While there are obvious dangers traveling as an American in certain parts Iraq where Al-Qaida and other insurgent groups have a presence, I wouldn’t be surprised if someday we hear about him having made it to Iran safely with some great stories to tell.  I’ve found Iraqis to be an incredibly friendly and giving people, especially to guests, and those individuals who are in the most danger of kidnapping are either rich, politically valuable, or associated with the U.S. occupation.  So there is a good chance he made it, especially since he hasn’t popped up yet in an orange jumpsuit in some jihadist video. 

 

Despite assumptions to the contrary, Iraq has a thriving tourism industry, and it’s safer than you think.  While most tourists are Shiite pilgrims who visit Islamic shrines in Najaf and Karbala, for Westerners, there are still opportunities to see most of the country

 


The most sensible thing to do is probably spend all your time in the Kurdistan Region, which is the only place in Iraq where no American soldiers have died as a result of hostile actions and where Westerners are able to move about freely without any security.  And there’s some great historical sites here, like the Erbil Citadel, Shanidar Cave, or the fortress city of Amedi.  People are friendly (unlike a lot folks in the Arab parts of Iraq, Kurds love Americans, who’ve been a presence here since Operation Provide Comfort began in 1991).  Also, the scenery is beautiful and the food is good (try the sarope).


There are a couple Kurdistan-focused tourism companies you can use, such as Babel Tours, and The Other Iraq Tours, the latter of which is owned by a former U.S. Army Civil Affairs officer who returned to live spending time deployed here in 2003, but doesn't seem to have done anything recently.  Or you can just come on your own, but check out the government’s official Kurdistan Tourism page before you do.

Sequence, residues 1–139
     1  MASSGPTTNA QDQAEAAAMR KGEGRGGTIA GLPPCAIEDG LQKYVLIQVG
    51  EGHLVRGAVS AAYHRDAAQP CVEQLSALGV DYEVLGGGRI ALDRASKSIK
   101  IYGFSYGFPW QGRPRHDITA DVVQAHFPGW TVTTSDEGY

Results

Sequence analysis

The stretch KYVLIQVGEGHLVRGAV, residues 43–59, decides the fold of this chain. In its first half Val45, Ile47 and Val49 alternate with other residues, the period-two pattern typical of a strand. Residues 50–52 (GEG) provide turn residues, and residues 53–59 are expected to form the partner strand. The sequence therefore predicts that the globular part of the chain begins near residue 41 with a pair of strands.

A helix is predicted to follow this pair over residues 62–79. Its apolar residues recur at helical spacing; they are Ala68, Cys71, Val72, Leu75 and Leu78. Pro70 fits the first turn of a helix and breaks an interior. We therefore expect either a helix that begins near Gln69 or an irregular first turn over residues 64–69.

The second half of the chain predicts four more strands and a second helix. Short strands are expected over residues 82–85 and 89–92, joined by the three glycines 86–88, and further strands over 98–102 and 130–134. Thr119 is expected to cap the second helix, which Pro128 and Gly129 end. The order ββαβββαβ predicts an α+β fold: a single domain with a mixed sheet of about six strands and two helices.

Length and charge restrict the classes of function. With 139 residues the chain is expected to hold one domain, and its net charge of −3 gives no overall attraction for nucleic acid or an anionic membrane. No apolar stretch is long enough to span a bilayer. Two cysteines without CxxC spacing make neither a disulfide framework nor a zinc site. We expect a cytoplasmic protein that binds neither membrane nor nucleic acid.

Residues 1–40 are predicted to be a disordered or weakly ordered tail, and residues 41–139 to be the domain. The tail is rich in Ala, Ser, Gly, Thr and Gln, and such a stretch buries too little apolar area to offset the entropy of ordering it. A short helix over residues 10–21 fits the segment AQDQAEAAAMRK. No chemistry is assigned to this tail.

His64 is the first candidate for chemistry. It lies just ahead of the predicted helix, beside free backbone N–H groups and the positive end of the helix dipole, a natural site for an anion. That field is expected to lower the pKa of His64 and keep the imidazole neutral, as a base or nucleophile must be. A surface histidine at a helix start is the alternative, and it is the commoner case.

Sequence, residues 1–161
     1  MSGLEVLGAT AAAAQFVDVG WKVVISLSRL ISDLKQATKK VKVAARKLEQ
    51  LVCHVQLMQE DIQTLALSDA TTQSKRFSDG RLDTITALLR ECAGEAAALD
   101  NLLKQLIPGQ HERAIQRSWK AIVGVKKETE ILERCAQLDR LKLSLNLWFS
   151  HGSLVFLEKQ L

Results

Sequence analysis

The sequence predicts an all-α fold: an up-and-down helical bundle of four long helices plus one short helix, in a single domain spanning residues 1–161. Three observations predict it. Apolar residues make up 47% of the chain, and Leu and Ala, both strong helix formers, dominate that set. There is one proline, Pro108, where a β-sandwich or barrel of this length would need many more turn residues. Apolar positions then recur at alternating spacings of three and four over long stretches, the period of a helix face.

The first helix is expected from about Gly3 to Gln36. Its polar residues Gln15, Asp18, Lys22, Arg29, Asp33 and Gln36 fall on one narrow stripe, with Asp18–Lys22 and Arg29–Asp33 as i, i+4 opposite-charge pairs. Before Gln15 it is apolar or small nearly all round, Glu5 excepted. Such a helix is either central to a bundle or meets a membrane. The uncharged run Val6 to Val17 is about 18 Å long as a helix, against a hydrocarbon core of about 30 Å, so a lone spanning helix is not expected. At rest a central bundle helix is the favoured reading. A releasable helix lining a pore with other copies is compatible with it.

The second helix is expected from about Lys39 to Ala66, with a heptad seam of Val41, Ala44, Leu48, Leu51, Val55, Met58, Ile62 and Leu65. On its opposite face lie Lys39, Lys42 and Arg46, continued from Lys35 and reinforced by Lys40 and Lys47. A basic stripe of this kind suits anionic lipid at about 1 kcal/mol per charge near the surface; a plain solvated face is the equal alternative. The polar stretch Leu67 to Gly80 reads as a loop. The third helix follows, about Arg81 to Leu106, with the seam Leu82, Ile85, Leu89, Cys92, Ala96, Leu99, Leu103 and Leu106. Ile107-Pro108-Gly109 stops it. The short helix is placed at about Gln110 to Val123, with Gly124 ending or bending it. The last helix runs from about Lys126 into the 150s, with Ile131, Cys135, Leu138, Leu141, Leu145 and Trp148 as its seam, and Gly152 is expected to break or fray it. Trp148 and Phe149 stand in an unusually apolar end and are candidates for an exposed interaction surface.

If you want see the rest of Iraq, then Hinterland Travel might be what you’re looking for (they also do tours to Afghanistan, Pakistan, Kashmir, and Burma).  I first read about them in this New York Times article from last year and have considered taking the trip myself.

 

I’ve traveled to 35 countries at this point and before I croak would like to hit 35 more.  I’ll be visiting Jordan and Israel for about 8-10 days each starting in March, and then once I leave my current job in May, plan on traveling through Greece and Turkey and back down into Iraq.  I hope to return here in June/early July so I can experience the culture as a tourist, since right now I'm required to take armed security wherever I go and along with the rest of my team am limited to traveling to sites for official business only. 

 

I’ll be sticking to the Kurdistan Region on this trip, but I plan to come back one day and see the rest of Iraq too.  While in Baghdad with the military in 2003 I was lucky to see up close much of the city and visit with Baghdadis in their homes and some local restaurants, but once the insurgency heated up in the summer and fall of 2003, it become more difficult.  It is my hope than one day I can go back along with my old translator Ali who I continue to stay in touch with, go revisit some of those old neighborhoods I used to patrol in, tour some of the museums, eat Masgouf and drink beer in a nightclub on Abu Nuwas.

 

(Disclaimer:  The U.S. Department of State maintains a travel warning for Iraq, including the Kurdistan Region.  You venture out at your own risk.  This post is not an endorsement of any of the travel companies listed above.)